Ivy seen here after pushing the blanket off the leather seat...she loves to lounge on leather upholstery
One of the early things I noticed about Ivy was that she was comfortable in cars and loved long car trips, which she spent mostly sleeping...she learned quickly that a bathroom stop would end as soon as she was through, so developed a routine of acting like she was trying to find the perfect place to pee as a way to get a longer break...I indulged this, as with any of her little routines as a way to encourage creative thinking and it's generally cute to see...the funniest routine is when she fakes taking a pee in order to get an extra treat (positive reinforcement to encourage going outside). Ivy still doesn't get that a one second squat isn't a convincing show of making water, but it is hilarious and worth an extra treat...life with a dog is really about such things anyway...
Ivy showing her usual reaction to being ordered back into the car...she counters by waiting till I come around to pick her up, though softening the blow to my status as master with a cute smile...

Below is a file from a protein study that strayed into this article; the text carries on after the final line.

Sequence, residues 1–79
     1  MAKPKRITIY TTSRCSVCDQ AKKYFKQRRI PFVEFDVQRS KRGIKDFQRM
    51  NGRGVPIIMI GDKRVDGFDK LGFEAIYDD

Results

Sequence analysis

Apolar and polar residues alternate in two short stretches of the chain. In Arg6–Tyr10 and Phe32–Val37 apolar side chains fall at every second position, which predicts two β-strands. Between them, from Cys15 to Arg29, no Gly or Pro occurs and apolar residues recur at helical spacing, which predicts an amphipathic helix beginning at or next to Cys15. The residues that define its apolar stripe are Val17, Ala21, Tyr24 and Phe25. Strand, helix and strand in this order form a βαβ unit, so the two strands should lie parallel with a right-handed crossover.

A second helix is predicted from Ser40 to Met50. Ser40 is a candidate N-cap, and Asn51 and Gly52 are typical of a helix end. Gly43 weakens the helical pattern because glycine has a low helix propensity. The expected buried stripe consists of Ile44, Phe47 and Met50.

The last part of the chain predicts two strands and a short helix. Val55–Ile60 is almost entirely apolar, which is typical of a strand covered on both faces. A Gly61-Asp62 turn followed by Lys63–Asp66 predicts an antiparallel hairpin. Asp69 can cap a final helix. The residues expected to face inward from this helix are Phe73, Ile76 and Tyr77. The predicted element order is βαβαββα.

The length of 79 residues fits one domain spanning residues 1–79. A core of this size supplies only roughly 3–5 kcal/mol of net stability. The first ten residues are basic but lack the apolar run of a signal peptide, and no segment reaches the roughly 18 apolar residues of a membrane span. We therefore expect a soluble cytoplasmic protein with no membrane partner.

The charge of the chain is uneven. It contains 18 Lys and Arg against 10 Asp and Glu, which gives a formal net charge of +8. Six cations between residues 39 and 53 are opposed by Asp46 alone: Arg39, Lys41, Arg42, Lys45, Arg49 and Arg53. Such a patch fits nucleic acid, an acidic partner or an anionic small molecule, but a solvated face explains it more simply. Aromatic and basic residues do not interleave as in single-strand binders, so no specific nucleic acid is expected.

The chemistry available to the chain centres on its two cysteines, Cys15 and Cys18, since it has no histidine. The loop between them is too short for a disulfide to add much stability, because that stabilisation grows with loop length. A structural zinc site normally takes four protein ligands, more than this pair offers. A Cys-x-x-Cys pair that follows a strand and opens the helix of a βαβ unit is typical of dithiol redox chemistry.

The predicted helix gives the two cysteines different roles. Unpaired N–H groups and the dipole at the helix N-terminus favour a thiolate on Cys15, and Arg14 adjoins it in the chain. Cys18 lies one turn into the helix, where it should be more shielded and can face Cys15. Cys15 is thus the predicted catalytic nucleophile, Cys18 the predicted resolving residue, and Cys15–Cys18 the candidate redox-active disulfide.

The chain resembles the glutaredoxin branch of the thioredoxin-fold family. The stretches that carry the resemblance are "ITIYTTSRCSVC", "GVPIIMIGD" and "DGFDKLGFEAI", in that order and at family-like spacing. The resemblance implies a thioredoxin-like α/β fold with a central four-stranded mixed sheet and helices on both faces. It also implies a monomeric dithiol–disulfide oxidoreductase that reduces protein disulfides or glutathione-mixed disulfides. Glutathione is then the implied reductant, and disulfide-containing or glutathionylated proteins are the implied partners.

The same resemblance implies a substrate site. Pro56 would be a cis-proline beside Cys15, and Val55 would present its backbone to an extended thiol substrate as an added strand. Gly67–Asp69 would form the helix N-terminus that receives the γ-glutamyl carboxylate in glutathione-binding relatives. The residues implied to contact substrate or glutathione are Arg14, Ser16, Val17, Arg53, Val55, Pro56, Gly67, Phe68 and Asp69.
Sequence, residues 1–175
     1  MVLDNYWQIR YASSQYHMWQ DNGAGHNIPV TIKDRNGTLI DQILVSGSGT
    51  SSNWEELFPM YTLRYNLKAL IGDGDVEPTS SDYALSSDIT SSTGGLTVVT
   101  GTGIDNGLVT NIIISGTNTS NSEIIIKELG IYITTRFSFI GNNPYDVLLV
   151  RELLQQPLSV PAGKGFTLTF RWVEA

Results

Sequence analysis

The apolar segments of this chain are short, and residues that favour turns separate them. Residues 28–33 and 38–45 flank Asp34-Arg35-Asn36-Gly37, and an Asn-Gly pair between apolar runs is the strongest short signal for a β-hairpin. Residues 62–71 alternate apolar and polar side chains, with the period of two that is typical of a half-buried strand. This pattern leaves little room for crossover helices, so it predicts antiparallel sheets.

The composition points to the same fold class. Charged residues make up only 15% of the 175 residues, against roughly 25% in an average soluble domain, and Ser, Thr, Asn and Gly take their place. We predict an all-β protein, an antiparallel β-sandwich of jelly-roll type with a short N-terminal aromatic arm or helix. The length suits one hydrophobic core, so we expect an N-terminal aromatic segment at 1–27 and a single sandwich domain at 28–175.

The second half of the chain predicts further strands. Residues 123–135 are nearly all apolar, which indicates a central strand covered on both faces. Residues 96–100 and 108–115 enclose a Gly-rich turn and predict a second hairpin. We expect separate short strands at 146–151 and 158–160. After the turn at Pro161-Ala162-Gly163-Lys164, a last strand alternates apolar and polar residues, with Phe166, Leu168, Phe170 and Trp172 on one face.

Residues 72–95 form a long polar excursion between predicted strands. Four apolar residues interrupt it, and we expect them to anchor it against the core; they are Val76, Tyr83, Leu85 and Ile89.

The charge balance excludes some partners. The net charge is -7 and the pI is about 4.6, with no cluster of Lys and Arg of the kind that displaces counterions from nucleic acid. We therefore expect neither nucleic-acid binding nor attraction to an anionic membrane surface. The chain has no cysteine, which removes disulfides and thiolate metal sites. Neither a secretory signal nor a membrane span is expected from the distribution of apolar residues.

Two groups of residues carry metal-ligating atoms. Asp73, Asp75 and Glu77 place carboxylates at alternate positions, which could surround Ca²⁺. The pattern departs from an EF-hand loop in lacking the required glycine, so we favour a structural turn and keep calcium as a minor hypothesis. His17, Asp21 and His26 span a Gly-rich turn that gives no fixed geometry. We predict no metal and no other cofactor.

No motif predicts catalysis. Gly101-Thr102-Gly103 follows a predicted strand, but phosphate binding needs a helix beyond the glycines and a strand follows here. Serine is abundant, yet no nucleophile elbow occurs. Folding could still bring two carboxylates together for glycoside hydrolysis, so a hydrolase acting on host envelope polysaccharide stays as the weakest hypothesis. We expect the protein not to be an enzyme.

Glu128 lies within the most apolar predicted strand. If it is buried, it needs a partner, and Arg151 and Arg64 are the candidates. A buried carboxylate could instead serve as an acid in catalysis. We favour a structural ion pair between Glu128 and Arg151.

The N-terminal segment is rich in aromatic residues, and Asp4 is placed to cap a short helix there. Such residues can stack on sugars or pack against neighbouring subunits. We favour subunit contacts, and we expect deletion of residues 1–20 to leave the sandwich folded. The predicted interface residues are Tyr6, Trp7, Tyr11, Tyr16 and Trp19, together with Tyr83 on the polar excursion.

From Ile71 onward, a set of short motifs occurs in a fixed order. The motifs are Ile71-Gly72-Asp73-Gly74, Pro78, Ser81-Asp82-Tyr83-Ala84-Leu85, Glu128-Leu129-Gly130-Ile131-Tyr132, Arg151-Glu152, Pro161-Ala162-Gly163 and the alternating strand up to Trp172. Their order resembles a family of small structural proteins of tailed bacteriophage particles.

I once read that Shih tzu's are manipulative dogs that try to train their masters, and it's probably true...they have the will power to overcome normal conditioning techniques like letting them go hungry till they finally eat the dry dog food, and letting them bark all they want but they still have to stay in the frickin' car dammit...Ivy no longer just barks to get out of the car...at night in a mall or garage, the windows have to be closed or she'll stick her mouth out and bark till security comes...I've been able to locate my lost car in a packed place many times because of this...
As far as dry dog food...I remember once seeing a bowl of dry food laid out for another dog, and as I explained to the people in the room how difficult it was to get Ivy to transition from canned food, she walked up to the bowl and ate half of the contents...luckily the bowl belonged to a male dog that just sat there and stared while Ivy ate his dinner...she still won't eat dry food on demand, but seems willing to eat cheese crackers and pretzels...small steps...